Corporate partners Ran Ben-Tzur, Michael Brown and Mark Stevens have been recognized by The American Lawyer as Dealmakers of the Year for their work representing Coinbase in its pioneering direct listing on the Nasdaq Global Select Market. This prestigious award honors practitioners across the U.S. who have played a pivotal role in the year’s most notable and innovative transactions.
Ben-Tzur, Brown and Stevens spoke with The American Lawyer about Coinbase’s path to successfully becoming the first major crypto company to go public and the first technology company to go public through a direct listing on Nasdaq.
Representing a company whose goal is to disrupt financial systems—both for its customers and for itself—presented a series of challenges and opportunities throughout the IPO process. “The fact that it was the first major direct listing on Nasdaq only added to the pressure,” noted The American Lawyer in its profile of the dealmakers.
The Coinbase and Fenwick teams formulated unique strategies to ensure a successful listing, while remaining true to Coinbase’s commitment to transparency and its dedication to increasing economic freedom. A pioneer in the crypto industry, Coinbase “didn’t have any directly comparable public companies they were patterning themselves after,” Stevens told the publication. “That’s the nature of the practice in the Valley.”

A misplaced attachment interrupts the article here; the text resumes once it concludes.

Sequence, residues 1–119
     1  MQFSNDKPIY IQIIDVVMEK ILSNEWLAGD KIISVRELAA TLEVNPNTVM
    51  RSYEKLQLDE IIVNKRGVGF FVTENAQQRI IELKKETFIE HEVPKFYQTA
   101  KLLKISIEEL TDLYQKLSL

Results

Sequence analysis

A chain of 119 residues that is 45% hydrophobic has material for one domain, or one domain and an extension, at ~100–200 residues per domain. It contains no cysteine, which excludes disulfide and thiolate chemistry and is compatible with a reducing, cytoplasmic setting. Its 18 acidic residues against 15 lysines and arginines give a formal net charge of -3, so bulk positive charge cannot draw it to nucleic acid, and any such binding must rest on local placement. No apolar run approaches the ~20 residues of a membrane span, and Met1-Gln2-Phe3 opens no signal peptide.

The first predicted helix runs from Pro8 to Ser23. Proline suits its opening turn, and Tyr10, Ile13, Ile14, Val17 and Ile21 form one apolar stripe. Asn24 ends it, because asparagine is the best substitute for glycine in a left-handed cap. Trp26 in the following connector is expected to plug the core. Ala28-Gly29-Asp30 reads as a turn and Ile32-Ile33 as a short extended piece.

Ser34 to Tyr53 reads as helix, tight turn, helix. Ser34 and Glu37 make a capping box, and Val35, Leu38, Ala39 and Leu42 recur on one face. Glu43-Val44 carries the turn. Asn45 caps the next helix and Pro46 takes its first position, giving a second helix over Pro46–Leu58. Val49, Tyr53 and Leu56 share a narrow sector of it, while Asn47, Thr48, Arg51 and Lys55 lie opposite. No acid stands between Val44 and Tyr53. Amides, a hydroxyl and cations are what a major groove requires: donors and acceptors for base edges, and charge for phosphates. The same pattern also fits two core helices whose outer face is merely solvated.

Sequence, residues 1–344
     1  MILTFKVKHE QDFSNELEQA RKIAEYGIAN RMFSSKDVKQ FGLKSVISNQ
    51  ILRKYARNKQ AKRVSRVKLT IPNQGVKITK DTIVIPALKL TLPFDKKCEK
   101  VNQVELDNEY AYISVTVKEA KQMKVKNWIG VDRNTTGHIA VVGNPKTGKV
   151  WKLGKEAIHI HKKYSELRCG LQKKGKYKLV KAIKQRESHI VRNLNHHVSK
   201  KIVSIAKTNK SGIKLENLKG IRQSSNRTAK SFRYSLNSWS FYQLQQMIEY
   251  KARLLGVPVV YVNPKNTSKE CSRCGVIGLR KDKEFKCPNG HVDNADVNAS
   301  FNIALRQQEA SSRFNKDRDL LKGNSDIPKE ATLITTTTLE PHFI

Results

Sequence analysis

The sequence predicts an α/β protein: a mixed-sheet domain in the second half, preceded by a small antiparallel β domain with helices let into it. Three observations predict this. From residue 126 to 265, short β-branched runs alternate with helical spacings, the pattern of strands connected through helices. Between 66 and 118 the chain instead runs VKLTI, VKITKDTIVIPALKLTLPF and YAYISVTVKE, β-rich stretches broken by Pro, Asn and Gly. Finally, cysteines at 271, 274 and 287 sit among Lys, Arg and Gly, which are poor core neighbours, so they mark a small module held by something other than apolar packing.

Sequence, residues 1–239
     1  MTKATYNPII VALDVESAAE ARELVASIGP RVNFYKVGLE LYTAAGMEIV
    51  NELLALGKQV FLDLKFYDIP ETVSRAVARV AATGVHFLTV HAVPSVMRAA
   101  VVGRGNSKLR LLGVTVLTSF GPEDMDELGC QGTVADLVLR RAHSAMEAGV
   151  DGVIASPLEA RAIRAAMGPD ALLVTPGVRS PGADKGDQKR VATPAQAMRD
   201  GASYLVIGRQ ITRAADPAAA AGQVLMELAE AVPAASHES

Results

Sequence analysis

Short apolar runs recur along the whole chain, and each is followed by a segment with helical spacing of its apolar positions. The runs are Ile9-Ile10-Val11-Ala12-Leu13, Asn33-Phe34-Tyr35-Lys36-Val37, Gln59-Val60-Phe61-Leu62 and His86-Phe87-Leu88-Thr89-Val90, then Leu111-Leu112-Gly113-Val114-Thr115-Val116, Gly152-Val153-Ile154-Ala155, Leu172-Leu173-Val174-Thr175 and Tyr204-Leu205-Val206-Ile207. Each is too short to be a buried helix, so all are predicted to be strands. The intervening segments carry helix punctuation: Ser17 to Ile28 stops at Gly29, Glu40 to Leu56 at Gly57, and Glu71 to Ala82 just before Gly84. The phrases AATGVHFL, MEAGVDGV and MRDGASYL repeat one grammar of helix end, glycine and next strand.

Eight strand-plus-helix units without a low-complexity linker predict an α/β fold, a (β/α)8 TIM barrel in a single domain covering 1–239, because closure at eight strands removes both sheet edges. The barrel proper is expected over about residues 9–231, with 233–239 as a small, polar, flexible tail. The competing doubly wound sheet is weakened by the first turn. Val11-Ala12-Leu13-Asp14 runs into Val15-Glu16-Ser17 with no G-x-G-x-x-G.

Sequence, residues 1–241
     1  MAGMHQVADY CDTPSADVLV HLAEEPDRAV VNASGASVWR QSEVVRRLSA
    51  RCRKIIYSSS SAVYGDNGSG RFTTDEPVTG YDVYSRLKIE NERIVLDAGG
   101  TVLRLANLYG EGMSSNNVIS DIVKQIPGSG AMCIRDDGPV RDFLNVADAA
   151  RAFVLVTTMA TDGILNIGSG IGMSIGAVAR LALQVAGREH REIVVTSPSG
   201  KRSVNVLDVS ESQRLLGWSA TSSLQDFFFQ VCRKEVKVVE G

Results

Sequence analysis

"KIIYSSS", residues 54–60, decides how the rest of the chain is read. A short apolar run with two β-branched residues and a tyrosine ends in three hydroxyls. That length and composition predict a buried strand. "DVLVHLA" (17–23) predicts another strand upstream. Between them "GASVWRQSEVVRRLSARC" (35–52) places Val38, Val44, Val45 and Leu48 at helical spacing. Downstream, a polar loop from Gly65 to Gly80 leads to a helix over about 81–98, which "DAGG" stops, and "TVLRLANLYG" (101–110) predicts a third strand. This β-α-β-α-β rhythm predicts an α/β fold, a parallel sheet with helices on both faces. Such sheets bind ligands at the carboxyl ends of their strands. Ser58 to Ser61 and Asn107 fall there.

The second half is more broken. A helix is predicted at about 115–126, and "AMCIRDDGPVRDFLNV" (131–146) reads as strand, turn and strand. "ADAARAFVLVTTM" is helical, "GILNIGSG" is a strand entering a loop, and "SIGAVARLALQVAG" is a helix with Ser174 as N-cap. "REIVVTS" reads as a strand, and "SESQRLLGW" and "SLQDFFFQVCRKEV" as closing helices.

To facilitate price discovery, Fenwick helped Coinbase undertake a multifaceted approach toward investor education, involving meetings with institutional investors as well as releasing its transfer restrictions and administering a secondary trading program for its stockholders.
In keeping with Coinbase’s ethos of democratizing finance, it wasn’t satisfied with going quiet during the registration process, wrote The American Lawyer. “The hard-and-fast rule that you’re limited in what you can say didn’t work for a company like Coinbase,” added Brown.
The company hosted a first-of-its kind Ask Me Anything session on Reddit to ensure equal access between retail and institutional investors. This new form of investor education required creative thinking by the Fenwick and Coinbase teams to ensure it fit within U.S. securities law framework.
In another unique move, Fenwick and Coinbase incorporated certain “Easter eggs” into the filing, such as including Satoshi Nakamoto, the pseudonym for the developer of bitcoin, on the front cover. As a remote-first company, Coinbase also chose to forgo listing a headquarters, making it the first company to specify in its S-1 filing that it does not maintain a headquarters.
Describing the “atypical” SEC review process, The American Lawyer wrote that “it didn’t take long for the Fenwick team to get on a first-name basis with the SEC examiner handling the matter, calling every day to keep things moving along and educating regulators along the way about the ins and outs of the rapidly evolving crypto industry.” Adding that “with the SEC’s blessing, the listing went off without a hitch.”
Coinbase Vice President and Deputy General Counsel Juan Suarez praised the listing as a validation of the maturation of both the company and the crypto industry. “It wasn’t that long ago that there were people in the government who thought this technology was at best a joke and at high risk of being illegal in lots of different ways,” he said.
“Fast forward six or eight years later, to then have one of the biggest listings in the history of NASDAQ, it’s just a hell of a journey.”
To read the full profile, click here.